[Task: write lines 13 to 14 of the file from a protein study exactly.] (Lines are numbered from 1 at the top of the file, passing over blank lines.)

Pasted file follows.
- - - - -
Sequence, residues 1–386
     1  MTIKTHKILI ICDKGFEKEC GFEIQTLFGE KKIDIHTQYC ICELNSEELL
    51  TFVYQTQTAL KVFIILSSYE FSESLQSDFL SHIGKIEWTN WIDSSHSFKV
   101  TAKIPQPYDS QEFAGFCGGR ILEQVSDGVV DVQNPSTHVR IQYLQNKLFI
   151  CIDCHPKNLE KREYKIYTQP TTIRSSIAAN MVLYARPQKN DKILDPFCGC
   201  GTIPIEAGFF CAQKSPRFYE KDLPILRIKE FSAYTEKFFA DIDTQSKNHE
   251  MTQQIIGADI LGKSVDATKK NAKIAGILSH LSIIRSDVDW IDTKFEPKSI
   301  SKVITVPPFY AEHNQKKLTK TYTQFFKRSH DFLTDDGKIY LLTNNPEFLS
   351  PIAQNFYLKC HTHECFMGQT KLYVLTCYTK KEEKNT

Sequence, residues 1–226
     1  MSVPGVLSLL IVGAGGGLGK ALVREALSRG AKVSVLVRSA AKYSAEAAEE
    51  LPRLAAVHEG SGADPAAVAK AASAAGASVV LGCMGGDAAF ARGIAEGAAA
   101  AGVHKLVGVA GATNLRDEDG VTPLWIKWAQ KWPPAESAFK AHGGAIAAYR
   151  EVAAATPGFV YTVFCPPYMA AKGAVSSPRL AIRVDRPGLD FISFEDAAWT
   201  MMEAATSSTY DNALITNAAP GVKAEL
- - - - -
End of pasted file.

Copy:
   101  AGVHKLVGVA GATNLRDEDG VTPLWIKWAQ KWPPAESAFK AHGGAIAAYR
   151  EVAAATPGFV YTVFCPPYMA AKGAVSSPRL AIRVDRPGLD FISFEDAAWT